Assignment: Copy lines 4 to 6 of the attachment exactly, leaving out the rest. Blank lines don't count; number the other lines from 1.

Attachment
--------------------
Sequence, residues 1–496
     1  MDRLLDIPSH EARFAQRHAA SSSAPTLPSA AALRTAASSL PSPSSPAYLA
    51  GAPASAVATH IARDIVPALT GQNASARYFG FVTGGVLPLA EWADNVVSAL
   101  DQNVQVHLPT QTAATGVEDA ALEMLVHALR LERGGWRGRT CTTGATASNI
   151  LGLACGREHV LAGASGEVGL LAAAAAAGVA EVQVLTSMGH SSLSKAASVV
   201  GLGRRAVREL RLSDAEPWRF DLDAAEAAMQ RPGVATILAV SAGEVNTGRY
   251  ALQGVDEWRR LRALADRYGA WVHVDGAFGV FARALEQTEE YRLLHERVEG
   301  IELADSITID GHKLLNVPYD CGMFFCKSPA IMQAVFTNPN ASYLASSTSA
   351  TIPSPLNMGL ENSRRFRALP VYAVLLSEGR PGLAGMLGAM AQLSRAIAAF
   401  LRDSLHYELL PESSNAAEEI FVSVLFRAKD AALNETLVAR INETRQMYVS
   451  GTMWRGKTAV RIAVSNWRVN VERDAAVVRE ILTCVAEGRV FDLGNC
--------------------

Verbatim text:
   101  DQNVQVHLPT QTAATGVEDA ALEMLVHALR LERGGWRGRT CTTGATASNI
   151  LGLACGREHV LAGASGEVGL LAAAAAAGVA EVQVLTSMGH SSLSKAASVV
   201  GLGRRAVREL RLSDAEPWRF DLDAAEAAMQ RPGVATILAV SAGEVNTGRY